Bluefield Daily Telegraph, Bluefield, WV

College Sports

August 28, 2012

Hairston a fixture on Lions’ O-line

ATHENS — Mitch Hairston was there for the beginning of Concord University’s football turnaround, and now the four-year starter on the offensive line is entering his final season as a Mountain Lion.

“The intensity is there,” he said during an interview at Callaghan Stadium in Athens. “We haven’t settled. Every year, we grow more. We’ve done a good job with that.”

To say the offensive line unit was thin in the spring of 2009 would be an understatement. Mike Kellar had just taken over as head coach after Greg Quick resigned.

One of Kellar’s first hires was Mingo County native Garin Justice, a former starting tackle for West Virginia University, to be the offensive line coach and strength coach.

That spring there were five linemen to fill the five positions. The annual spring game ended a bit early, Kellar admitted, to keep from exhausting the offensive front.

Hairston said, “Mentally, coming in, you just knew you had to play through a lot of pain, beyond what you thought you could endure. That really built a mental toughness. You had to play like you were not expecting to get hurt.”

Successful college football programs redshirted freshmen linemen, and starting positions went to juniors or seniors who had had time to build up their strength and to learn the finer points of line play within an established collegiate system.

Kellar knew that. He also knew that he’d have to start freshmen. Hairston was one of those.

Hairston said, “We were at the point where all of us had to know every single [line] position, because you might have to play anywhere.”

Now, four years later, Hairston is a member of the West Virginia Conference football champions, and last saw action in the NCAA Division II playoffs in November.

This month, Concord received nine points in the top 25 preseason football poll of the American Football Coaches Association, after the Mountain Lions posted records of 6-5 in 2009, 8-3 in 2010 and 7-4 last year.

Hairston was named second-team all-conference last fall, after being an honorable mention selection in his first two years.

Contrasting this year’s corps of linemen with 2009, Hairston said, “It’s a big difference. Over the years, we’ve gained a lot on the line. This year, we’re a little more athletic, but we still have the tenacity.”

“We have the freshman class that came in last year. They’re a very talented class, and some of those guys are playing now.

“The freshman class this year, they can do a lot of big things. It just helps to have that many good offensive linemen, so you don’t have to take all the reps ... . You have some guys who can give you a break.”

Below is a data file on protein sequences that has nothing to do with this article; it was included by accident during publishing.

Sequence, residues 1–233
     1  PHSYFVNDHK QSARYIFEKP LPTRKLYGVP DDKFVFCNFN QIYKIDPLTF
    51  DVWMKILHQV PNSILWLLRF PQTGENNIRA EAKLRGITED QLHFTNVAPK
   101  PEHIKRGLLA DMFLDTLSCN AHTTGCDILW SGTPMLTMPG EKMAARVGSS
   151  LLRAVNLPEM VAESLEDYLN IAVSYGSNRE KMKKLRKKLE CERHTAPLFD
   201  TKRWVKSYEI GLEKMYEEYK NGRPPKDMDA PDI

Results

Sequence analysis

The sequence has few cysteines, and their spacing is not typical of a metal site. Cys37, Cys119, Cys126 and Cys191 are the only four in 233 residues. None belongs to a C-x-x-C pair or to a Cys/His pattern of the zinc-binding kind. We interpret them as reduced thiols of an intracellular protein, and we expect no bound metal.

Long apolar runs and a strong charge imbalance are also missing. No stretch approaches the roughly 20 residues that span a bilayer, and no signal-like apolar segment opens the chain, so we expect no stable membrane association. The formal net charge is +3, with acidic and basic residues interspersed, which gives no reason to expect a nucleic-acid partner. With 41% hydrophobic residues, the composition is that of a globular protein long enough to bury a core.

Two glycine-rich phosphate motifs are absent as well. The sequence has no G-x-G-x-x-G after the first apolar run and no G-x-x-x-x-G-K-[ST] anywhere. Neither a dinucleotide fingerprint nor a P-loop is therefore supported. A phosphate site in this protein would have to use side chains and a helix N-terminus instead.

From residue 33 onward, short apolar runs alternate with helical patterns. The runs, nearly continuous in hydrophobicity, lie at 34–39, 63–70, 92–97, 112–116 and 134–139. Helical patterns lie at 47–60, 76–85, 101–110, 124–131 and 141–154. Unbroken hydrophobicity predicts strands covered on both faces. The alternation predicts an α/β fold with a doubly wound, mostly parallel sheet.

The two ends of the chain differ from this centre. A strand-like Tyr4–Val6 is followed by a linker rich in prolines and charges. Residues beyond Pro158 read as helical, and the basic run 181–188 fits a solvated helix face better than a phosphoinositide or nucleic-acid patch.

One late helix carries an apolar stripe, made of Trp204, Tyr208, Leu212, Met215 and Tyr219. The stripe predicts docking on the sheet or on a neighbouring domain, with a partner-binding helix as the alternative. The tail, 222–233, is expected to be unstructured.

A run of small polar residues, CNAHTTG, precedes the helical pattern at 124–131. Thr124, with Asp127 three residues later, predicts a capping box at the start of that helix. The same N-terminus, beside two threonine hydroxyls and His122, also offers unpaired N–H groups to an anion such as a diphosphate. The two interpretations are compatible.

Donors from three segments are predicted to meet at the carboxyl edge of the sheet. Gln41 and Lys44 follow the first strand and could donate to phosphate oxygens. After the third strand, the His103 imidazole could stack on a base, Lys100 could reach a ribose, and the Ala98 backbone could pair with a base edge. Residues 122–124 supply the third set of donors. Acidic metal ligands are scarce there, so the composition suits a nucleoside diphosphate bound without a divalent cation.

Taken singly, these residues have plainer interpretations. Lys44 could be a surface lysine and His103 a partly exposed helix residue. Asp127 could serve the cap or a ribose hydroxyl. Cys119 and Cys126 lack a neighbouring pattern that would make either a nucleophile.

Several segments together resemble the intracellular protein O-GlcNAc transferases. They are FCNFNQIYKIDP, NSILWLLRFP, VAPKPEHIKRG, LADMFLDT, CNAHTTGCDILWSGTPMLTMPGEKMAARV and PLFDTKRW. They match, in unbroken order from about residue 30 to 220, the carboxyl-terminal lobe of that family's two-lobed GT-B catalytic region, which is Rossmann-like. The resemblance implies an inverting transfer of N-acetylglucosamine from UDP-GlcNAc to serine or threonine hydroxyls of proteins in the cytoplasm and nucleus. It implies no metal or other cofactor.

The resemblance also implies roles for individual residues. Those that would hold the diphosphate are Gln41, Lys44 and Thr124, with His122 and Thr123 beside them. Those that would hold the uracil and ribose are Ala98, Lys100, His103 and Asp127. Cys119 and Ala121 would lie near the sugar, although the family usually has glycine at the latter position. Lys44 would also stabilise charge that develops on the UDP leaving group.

“I know we only had five to eight [offensive] linemen during the springtime, and last year we had to take every single rep. I mean, it got you in shape, but at the same time, it killed your body.

“It also made us better in the offensive line. We definitely knew we had to push each other, for us to get better. Even though it was hard, we still got through it.”

Hairston, a Clarksburg resident, remembered his reaction when Kellar left Concord to return to the football staff at California (Pa.) late in 2010. Teammates were shocked about the departure and worried about the prospect of working foe a new set of coaches.

Then came word that Justice had been elevated to head coach as well as offensive line coach.

Hairston said, “I was ecstatic, because I knew my personal coach was coming back, and he was going to be THE coach. So it wasn’t any different for me, because I’d been with him every year.”

“I’ve known Coach Kellar since I was a freshman in high school, because my high school coach coached him. So I was really close to him, and when he left, I was a little down. But knowing Coach Justice was going to be back, it was a relief ... .”

“In other programs, you might have a coach [move on and] the whole coaching staff just leaves and you’ve got to start fresh. But we were fortunate, here, to keep him. He knows what he’s talking about, and he puts everybody in a position to do well — and to do right.”

The coaching approach is different between the two, but the results show there’s more than one way to run a college football program.

Hairston said, “Coach Kellar’s more laid-back, and [Justice is] more stay-with-it. Education is definitely first in this program. He wants you to do right, because [there’s] a definite correlation, if you do right off the field, you’re going to want to do right on the field.

“In a way, he’s more strict [than Kellar was], but he cares about every single player, and he wants every single player to be their best, on and off the field.”

The first on-field test of this year’s Mountain Lions takes place Saturday evening in Athens against Lenoir-Rhyne University. Kickoff is set for 7 p.m.

— Contact Tom Bone at

tbone@bdtonline.com

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